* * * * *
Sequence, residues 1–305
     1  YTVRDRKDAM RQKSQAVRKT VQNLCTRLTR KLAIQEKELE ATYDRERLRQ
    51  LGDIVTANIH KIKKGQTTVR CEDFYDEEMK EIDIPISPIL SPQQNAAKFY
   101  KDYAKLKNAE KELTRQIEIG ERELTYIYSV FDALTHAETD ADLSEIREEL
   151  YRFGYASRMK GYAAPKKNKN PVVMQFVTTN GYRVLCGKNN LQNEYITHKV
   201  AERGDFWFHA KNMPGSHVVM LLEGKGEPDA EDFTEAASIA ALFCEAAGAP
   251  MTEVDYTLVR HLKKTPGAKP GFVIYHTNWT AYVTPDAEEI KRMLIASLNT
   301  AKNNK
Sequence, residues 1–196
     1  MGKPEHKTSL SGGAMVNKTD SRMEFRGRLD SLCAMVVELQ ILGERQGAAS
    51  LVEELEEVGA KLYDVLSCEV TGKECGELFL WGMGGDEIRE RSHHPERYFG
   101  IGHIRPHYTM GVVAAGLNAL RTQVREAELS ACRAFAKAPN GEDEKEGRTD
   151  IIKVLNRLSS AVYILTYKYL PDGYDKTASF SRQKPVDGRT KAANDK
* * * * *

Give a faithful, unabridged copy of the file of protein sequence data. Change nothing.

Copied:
Sequence, residues 1–305
     1  YTVRDRKDAM RQKSQAVRKT VQNLCTRLTR KLAIQEKELE ATYDRERLRQ
    51  LGDIVTANIH KIKKGQTTVR CEDFYDEEMK EIDIPISPIL SPQQNAAKFY
   101  KDYAKLKNAE KELTRQIEIG ERELTYIYSV FDALTHAETD ADLSEIREEL
   151  YRFGYASRMK GYAAPKKNKN PVVMQFVTTN GYRVLCGKNN LQNEYITHKV
   201  AERGDFWFHA KNMPGSHVVM LLEGKGEPDA EDFTEAASIA ALFCEAAGAP
   251  MTEVDYTLVR HLKKTPGAKP GFVIYHTNWT AYVTPDAEEI KRMLIASLNT
   301  AKNNK
Sequence, residues 1–196
     1  MGKPEHKTSL SGGAMVNKTD SRMEFRGRLD SLCAMVVELQ ILGERQGAAS
    51  LVEELEEVGA KLYDVLSCEV TGKECGELFL WGMGGDEIRE RSHHPERYFG
   101  IGHIRPHYTM GVVAAGLNAL RTQVREAELS ACRAFAKAPN GEDEKEGRTD
   151  IIKVLNRLSS AVYILTYKYL PDGYDKTASF SRQKPVDGRT KAANDK